Let's face it: China's in great shape to sweep up a ton of medals. Liu Xiang will be fabulous. Guo Jingjing's dives will be a sight to behold. China's table-tennis team will make its competitors look like they're phoning it in.
But I'll be holding my breath with everyone else to watch the one Chinese superstar who is just about guaranteed not to get a medal at these Olympics. The one who has transcended sport, become a role model for a nation and done more to raise China's esteem than any simple gold medal ever could. I'm talking, of course, about Yao Ming.
With all that Yao has done outside of his NBA career with the Houston Rockets, Americans still tend to miss the boat on how stunning a person he is. Supernaturally huge and from a country very few of us on this side of the ocean really understand, it was too easy to marginalize him as an Andre the Giant cartoon character when he first arrived on our shores.
Yao, the first overall pick in the 2002 NBA draft, watched Shaquille O'Neal making chop-socky sounds on TV to mimic Yao's language. Charles Barkley said Yao would never score 19 points in a single game. The pressure to perform on a stage only two of his countrymen (Mengke Bateer and Wang Zhizhi) had ever seen before was as big as the man himself. Yao has delivered both points (he's averaged 19 points per game over his entire NBA career) and diplomacy, class and dignity. He has become a great teammate and a great humanitarian.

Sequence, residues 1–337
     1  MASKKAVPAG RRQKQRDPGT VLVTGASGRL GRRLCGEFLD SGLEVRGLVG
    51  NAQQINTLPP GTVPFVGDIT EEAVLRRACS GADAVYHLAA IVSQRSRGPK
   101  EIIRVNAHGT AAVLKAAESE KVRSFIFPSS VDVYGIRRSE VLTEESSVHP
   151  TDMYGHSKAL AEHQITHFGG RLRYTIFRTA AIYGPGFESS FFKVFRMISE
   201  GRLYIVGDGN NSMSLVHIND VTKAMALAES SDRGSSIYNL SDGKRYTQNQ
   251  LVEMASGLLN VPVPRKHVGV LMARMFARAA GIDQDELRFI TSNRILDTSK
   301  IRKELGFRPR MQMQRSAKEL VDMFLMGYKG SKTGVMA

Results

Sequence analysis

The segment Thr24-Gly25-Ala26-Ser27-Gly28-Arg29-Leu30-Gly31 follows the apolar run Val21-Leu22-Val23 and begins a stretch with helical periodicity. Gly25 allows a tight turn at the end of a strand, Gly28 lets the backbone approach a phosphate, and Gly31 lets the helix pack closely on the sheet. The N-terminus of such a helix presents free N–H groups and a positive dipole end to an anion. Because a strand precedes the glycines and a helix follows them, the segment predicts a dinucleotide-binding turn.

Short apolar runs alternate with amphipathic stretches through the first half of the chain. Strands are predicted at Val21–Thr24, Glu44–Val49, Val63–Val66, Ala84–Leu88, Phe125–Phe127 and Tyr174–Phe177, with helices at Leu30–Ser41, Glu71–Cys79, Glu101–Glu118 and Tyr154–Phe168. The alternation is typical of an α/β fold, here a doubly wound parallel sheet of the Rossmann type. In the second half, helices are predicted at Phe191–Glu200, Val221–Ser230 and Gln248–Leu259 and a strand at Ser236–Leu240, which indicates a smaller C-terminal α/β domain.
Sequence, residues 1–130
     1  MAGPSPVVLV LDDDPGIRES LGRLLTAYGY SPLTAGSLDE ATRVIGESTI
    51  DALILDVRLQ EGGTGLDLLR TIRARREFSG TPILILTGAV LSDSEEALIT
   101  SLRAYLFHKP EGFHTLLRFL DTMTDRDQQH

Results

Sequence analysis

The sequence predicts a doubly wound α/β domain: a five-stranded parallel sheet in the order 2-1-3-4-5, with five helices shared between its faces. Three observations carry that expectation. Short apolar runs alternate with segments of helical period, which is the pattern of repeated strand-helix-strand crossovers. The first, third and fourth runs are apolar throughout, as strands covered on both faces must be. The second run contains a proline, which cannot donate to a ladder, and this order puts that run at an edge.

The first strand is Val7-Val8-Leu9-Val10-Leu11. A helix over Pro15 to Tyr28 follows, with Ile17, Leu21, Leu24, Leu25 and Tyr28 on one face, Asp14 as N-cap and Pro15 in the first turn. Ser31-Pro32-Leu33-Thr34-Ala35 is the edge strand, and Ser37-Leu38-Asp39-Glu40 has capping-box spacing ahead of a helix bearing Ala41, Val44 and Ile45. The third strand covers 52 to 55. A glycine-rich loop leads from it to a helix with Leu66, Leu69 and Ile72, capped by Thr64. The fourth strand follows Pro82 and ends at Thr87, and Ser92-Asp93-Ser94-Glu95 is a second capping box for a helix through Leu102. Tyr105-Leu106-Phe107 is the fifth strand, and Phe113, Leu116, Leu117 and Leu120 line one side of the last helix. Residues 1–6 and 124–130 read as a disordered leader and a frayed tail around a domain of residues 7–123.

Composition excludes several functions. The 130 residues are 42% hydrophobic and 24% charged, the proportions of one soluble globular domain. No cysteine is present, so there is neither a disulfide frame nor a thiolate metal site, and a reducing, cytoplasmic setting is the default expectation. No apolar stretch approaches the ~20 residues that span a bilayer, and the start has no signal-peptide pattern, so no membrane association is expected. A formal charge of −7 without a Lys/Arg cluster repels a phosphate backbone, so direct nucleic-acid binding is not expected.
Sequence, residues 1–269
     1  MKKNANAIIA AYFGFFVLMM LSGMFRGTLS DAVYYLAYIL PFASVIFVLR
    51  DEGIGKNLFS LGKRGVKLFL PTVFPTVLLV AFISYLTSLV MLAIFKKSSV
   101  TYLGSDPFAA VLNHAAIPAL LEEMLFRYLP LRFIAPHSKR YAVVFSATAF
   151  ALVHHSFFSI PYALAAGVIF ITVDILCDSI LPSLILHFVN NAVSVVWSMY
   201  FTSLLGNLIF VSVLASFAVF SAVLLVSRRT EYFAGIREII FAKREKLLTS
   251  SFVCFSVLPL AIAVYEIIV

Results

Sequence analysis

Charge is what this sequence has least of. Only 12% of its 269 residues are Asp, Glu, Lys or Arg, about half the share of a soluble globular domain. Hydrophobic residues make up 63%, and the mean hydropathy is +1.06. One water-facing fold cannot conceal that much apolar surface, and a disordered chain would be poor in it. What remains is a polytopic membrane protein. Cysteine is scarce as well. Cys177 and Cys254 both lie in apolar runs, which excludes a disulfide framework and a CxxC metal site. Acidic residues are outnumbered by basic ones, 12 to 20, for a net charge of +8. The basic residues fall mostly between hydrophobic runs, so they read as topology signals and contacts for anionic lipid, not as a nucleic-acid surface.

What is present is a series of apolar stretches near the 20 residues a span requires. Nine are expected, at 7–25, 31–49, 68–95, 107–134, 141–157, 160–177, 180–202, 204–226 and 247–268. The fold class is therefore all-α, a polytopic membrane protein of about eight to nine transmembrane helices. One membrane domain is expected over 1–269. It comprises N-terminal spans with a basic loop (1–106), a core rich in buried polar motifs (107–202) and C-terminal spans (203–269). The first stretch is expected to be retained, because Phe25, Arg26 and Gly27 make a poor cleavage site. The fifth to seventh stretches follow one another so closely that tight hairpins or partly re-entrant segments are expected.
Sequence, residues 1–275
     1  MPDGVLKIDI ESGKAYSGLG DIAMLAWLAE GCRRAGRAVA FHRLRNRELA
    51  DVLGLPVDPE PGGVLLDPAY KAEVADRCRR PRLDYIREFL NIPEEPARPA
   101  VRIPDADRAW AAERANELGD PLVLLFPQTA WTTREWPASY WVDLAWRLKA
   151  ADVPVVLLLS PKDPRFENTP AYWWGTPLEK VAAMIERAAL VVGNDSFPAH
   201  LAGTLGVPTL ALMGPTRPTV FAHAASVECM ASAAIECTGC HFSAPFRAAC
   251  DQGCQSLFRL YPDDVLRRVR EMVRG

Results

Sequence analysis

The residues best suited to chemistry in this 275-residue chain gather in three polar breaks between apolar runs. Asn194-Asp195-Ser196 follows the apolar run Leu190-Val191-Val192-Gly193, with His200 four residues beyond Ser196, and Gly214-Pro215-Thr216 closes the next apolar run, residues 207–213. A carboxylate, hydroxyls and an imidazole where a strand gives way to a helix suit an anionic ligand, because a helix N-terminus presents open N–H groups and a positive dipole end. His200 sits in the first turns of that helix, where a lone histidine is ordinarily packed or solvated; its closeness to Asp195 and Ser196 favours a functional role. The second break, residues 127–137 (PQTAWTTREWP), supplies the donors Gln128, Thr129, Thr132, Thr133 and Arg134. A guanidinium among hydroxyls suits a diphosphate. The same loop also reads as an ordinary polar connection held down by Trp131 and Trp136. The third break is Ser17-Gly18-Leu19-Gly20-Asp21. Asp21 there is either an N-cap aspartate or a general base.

What was Yao doing two months out from his country's greatest sports moment ever? Starting a foundation to help rebuild schools in earthquake-devastated Sichuan province. He fully understands the importance of the Olympics to his homeland, but he also understands how much power he has to help ordinary Chinese because of his sports success.
On July 13, 2001 --the night Beijing was awarded the '08 Games -- Yao was so nervous, he had to look away from the television while his teammates watched the IOC meeting, broadcast on Chinese national television live from Moscow. He busied himself playing video games until then-IOC president Juan Antonio Samaranch said "Beijing."
Then he, and the rest of his country, marveled at the moment. "That was a night for China," Yao said years later, with obvious pride.
And so it will be when Yao and China take the court against the U.S. Perhaps more than any other athlete in Beijing, Yao understands the limits of a medal -- and the limitless ways a star athlete can become so much more to his nation, no matter what accolades are hanging around his neck.